While I appreciate a row of simple, unadorned jars of home preserves, sometimes I enjoy fancying it up a little, especially if I'm giving away a jar or two as a gift. Read on for some great ideas on covering your jam and pickle and kraut jars. And tell us what you've done to make your jars look special.
The only thing you need are a sharp pair of scissors for cutting and trimming your materials and some two-sided tape. If you want to get extra-fancy (and who doesn't want to get extra-fancy!) you can invest in a few pairs of shears that have scalloped or other decorative edges.
Cloth: There are many ways to source cloth: old clothes, remnants, old tablecloths. You can also buy a favorite pattern or color you know will go well with your preserves, but there is a nice recycling vibe to using what normally might be discarded cloth. Vintage cloth makes especially nice toppers. Oil cloth, too.
Objects: Vintage napkins and handkerchiefs are also a good source, especially if you can keep them whole. That way, you'll be giving two gifts! Also, doilies (crocheted or paper) and vintage crocheted hot pads are fun.
Paper: Leftover wallpaper, catalogs (Anthropology is a great source), hand printed decorative papers from the art store, newspaper, magazines, a photocopy of an image you like, craft paper, old greeting cards, pages from an old, discarded recipe book.
Fasteners: String, embroidery floss, yarn, colorful rubber bands, twine, wire, coated wire, twist-ties from lettuce (that say 'organic' if applicable), raffia, long stem of a sturdy herb (like rosemary).
Write the name and date of your preserves on the lid so that if the label is lost, the information is still easy to find.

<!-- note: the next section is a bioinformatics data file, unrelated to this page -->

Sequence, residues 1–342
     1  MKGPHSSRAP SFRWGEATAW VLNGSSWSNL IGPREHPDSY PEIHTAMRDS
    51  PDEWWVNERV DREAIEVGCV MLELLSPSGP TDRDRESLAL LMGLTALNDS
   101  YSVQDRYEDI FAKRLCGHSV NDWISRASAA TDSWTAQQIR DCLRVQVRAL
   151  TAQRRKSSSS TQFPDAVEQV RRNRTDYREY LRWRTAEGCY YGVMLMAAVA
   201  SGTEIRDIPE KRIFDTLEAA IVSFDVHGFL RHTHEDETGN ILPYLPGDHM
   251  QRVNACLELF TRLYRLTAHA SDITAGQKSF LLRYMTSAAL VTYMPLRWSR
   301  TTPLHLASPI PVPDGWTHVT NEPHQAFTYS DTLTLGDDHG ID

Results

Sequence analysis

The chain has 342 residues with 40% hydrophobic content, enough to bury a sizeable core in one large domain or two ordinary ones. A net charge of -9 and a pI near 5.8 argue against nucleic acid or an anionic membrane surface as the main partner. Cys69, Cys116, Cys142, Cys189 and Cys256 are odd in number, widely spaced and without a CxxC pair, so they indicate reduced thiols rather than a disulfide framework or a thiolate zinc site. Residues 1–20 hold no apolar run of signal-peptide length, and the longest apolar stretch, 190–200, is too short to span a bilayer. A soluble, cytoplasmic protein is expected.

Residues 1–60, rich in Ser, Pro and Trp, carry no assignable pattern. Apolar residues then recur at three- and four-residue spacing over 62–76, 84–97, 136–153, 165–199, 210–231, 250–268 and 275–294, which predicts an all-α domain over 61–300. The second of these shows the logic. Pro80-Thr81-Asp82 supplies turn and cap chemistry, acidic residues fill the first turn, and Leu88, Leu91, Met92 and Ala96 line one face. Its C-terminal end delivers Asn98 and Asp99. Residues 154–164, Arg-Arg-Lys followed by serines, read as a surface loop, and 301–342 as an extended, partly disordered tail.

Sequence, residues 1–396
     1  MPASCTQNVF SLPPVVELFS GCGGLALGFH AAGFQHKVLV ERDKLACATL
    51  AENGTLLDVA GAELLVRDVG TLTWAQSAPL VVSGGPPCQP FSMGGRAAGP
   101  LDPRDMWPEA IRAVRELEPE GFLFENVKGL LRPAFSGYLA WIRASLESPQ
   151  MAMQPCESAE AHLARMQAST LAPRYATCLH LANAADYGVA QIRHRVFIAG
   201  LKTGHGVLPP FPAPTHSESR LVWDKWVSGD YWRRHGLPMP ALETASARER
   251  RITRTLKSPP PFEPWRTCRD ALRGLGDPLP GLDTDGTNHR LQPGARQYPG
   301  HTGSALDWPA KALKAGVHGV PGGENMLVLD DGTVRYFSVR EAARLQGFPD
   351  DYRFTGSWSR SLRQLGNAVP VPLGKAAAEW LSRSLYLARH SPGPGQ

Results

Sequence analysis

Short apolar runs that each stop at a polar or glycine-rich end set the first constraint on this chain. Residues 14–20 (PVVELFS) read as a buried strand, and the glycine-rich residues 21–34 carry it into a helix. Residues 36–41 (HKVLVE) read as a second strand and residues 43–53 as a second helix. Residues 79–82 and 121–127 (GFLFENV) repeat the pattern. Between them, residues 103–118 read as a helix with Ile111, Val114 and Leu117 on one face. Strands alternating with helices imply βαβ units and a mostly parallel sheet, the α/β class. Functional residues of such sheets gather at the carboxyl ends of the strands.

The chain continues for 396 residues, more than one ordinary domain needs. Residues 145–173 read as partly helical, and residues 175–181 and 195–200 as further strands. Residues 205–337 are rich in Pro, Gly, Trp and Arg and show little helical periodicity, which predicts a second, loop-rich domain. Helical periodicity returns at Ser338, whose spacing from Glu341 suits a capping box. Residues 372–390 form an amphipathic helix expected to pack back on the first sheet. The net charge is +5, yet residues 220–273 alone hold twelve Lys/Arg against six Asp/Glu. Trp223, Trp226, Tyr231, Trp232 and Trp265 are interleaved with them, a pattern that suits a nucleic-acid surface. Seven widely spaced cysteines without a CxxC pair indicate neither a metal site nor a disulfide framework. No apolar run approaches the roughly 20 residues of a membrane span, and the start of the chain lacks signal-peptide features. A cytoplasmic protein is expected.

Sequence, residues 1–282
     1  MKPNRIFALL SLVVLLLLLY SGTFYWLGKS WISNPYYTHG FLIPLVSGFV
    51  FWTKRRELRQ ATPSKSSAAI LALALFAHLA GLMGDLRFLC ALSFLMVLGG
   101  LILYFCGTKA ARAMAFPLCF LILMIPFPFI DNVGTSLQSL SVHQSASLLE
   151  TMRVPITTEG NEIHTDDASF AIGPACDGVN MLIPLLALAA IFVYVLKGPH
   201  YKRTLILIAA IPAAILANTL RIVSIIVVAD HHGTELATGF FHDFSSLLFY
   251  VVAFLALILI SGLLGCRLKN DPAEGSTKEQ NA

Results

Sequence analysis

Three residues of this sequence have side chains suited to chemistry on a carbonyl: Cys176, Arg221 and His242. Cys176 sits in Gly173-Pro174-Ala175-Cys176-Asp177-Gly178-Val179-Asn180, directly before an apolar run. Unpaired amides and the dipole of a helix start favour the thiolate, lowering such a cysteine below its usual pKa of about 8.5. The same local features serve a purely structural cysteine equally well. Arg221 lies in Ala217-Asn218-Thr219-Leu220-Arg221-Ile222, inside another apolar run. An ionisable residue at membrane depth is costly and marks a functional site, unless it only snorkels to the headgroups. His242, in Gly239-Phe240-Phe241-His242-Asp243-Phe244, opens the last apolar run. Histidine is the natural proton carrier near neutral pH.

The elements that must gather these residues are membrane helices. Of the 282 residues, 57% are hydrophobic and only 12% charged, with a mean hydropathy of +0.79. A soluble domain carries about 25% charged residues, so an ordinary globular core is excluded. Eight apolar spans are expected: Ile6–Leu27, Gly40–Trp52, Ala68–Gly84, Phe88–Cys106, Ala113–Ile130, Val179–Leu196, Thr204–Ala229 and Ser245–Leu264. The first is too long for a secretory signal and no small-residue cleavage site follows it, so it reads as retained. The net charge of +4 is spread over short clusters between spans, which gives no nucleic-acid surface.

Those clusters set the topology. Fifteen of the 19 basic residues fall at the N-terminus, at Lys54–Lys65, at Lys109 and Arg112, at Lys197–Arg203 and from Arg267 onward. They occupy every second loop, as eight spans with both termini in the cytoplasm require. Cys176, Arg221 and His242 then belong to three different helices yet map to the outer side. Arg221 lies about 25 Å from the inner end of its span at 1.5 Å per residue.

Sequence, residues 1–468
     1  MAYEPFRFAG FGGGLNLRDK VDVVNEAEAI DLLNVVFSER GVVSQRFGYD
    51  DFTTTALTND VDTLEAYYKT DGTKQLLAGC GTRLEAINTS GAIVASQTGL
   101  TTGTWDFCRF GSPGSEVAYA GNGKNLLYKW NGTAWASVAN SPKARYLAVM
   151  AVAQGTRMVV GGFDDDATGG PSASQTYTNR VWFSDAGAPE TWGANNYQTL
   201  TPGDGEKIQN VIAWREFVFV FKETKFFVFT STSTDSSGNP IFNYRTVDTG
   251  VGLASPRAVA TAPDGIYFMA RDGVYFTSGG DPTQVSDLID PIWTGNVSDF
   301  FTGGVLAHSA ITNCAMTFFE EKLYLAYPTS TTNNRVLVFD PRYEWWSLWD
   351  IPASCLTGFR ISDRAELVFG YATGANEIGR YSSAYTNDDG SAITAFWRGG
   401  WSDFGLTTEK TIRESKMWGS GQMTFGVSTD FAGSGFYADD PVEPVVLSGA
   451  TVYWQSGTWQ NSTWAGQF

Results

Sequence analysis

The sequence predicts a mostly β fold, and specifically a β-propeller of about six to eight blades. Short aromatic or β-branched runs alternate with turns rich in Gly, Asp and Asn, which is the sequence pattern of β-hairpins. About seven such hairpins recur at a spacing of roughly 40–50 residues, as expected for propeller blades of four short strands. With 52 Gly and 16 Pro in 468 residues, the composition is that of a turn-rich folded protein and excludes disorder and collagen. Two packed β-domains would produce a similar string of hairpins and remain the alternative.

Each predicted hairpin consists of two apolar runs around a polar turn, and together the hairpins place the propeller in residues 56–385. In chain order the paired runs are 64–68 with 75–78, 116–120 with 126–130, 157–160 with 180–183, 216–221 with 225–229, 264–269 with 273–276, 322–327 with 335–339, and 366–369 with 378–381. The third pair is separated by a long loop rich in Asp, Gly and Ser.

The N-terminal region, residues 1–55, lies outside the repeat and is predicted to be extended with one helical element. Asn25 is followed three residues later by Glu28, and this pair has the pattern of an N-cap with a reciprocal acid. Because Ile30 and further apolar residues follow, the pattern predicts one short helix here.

Place a bit of two-sided tape on the lid to hold the cloth/paper in place.
Cut a circle or square of your cloth or paper. You'll want to extend about two inches beyond the size of the lid. A bowl or other round object is a good template.
Center the paper/cloth on the jar, press to adhere the tape and then using the palms from both of your hands, gently but firmly run your hands down the sides of the jar, smoothing the paper/cloth and creating flat pleats (pleats are more likely with paper.)
Cut a piece of your fastener that's larger than the circumference of your lid and tie it over the cloth/paper. Trim ends. Note: If you are using paper and your pleats are especially tight, you may not need a fastener.
Chose a luscious, close up photo of the fruit or veg that's in the jar for your paper topper.
For kimchi, cut a topper from a Korean newspaper; for chutney, use a Hindi newspaper; for salsa a Spanish newspaper. You get the point. Just be sure you know what the paper says to avoid giving your decorated jar as a gift only to discover it's covered with a gruesome headline (true story!)
Slightly shred the edges of your cloth for a fringe look or cut a fringe in your paper with a sissors.
We'll look at fun label ideas in a future post. What have you used to gussy up your preserves?
Related: Pantry Style: Weck Canning Jars and a White Pen
(Images: Dana Velden)